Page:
Controversy over Constitution test

By Christina Schauls

During the controversy resulting from doubts from students and faculty about the need for the Constitution test, lowered standards are yet another consideration.

The NIU Testing Service is continually making up new Constitution tests for students to take, said Political Science Chairman Lettie Wenner. Because each test is different, there must be a different passing score for each test, she said.

Wenner said a passing score for Spring 1989 semester’s test was 29 out of 50, while this semester’s passing score was 24.

“The passing score is different, but the percentage of people that pass the test is the same as in the past,” Wenner said. The reason for lowered passing scores are the attempt by the testing services to match former passing percentages, she said.

“The constitution test is not an appropriate test for a college student to have to take,” since they have already taken the test in high school and junior high, Wenner said.

In a previous interview with The Northern Star, Pamela Jackson, chairman of the General Education Commission of the Undergraduate Coordinating Council said, “The Council agreed that it was a waste of time to repeat a test which is so similar to one they have already taken.”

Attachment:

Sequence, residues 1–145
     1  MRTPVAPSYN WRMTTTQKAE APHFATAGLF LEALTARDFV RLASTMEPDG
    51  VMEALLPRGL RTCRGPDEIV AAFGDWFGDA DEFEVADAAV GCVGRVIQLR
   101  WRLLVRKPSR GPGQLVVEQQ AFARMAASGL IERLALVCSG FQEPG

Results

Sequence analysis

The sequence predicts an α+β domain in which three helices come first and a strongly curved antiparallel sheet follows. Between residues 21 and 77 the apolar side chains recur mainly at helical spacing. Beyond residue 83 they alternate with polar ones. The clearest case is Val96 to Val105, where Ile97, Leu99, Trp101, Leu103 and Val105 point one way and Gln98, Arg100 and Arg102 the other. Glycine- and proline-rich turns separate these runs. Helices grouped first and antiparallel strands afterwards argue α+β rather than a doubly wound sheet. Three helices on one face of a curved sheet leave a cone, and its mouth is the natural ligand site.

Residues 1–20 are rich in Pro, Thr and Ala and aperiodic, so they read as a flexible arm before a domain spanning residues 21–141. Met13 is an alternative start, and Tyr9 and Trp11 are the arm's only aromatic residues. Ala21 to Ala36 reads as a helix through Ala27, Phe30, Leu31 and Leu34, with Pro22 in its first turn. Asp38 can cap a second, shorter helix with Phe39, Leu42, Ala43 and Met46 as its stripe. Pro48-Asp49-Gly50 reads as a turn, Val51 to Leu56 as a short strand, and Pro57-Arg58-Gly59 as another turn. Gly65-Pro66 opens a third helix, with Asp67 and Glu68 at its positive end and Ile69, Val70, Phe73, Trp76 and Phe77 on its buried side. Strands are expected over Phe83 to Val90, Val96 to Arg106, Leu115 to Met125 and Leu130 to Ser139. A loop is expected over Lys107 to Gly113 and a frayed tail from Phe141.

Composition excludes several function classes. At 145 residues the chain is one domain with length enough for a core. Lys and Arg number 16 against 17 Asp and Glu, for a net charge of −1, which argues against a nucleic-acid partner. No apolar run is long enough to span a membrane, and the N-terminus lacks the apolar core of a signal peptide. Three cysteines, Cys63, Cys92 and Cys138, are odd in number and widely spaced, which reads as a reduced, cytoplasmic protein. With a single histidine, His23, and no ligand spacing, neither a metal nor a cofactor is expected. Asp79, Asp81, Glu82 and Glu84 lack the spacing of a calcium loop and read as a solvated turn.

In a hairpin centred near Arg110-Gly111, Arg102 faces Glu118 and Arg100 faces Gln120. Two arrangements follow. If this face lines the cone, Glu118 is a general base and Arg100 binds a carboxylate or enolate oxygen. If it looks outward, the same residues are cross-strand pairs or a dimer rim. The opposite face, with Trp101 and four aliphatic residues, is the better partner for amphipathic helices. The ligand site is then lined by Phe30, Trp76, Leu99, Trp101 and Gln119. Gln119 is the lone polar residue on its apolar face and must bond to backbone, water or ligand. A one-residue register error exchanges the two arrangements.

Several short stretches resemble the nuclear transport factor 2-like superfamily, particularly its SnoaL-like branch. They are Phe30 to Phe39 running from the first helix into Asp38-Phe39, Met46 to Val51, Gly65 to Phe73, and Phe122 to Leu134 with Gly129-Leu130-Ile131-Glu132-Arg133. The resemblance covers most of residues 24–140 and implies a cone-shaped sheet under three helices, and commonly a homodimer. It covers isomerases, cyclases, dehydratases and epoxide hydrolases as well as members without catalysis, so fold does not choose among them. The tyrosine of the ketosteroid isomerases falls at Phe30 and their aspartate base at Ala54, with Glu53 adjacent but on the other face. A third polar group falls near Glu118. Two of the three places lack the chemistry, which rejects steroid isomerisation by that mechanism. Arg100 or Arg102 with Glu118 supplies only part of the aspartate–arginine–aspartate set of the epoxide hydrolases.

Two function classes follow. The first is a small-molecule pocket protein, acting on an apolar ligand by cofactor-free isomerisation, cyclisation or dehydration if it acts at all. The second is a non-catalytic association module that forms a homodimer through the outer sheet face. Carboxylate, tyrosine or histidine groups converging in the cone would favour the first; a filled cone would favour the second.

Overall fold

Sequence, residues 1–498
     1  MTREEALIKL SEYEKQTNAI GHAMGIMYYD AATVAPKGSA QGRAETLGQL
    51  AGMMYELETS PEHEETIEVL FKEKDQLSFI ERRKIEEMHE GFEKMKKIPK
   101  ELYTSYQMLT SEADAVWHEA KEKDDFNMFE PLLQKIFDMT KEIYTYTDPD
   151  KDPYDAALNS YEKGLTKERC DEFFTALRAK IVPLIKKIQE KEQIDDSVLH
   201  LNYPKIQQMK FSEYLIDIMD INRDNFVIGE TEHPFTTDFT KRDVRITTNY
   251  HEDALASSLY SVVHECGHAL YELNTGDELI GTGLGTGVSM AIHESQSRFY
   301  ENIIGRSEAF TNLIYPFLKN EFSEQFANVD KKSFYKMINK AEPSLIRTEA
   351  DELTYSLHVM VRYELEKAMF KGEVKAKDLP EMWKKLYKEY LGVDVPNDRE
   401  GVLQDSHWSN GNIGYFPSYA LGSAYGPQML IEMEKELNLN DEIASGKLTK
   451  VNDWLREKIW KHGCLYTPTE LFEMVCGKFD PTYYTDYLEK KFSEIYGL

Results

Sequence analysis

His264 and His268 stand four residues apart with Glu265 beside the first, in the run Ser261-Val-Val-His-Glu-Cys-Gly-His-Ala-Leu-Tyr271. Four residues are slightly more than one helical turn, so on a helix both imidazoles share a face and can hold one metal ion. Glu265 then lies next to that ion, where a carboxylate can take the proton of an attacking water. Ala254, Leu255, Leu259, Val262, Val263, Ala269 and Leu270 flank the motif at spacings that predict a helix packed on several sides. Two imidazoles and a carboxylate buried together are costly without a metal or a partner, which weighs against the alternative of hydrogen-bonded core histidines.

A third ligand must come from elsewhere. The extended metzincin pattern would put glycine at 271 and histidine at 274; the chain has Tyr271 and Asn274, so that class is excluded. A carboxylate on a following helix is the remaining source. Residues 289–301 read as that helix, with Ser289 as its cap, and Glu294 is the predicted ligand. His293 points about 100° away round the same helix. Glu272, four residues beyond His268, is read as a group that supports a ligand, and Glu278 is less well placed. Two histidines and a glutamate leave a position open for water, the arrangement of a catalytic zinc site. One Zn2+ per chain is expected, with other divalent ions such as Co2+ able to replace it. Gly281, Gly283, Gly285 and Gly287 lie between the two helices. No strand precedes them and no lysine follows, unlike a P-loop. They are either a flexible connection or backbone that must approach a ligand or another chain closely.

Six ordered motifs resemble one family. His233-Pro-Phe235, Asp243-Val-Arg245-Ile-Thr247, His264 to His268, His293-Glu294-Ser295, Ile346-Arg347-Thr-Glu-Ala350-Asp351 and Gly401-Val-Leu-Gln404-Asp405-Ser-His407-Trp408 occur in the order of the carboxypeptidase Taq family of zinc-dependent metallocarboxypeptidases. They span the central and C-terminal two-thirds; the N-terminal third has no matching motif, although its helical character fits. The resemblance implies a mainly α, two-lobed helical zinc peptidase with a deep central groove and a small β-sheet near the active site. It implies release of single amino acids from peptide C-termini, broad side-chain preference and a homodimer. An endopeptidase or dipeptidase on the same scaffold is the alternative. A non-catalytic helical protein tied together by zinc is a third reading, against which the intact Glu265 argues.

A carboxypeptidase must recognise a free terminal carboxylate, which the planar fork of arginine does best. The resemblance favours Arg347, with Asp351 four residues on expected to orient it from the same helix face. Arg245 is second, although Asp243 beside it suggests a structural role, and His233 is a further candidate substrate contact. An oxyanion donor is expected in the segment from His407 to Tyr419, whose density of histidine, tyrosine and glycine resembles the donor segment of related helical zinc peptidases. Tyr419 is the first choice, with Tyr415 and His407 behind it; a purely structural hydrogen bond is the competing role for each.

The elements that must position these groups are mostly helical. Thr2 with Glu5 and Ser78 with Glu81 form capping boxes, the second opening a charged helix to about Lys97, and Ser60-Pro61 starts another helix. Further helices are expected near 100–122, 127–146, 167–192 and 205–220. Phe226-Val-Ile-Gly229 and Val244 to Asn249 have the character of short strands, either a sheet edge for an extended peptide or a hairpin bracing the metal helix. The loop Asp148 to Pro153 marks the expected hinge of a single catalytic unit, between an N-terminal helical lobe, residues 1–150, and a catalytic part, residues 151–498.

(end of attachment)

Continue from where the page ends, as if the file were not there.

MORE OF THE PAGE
The Student Association held a vote of intent at the Dec. 3 meeting to delete the Constitution test requirement. SA President Huda Scheidelman said the test is not an accurate assessment of knowledge, but regurgitation of facts.

Wenner said she would prefer students to have to take a Political Science 100 class to complete the Constitution test requirement rather than just taking the test.

By requiring a class to pass the Constitution test, Wenner said she feels people will gain an understanding of the whole system of the government. “College students should leave college knowing about the government and their constitutional rights.”

The testing service continually creates new tests because some students take the exam with them after they have completed it, she said, adding the service knows when students take exams. By creating a new test, no one will have an unfair advantage over other students, she said.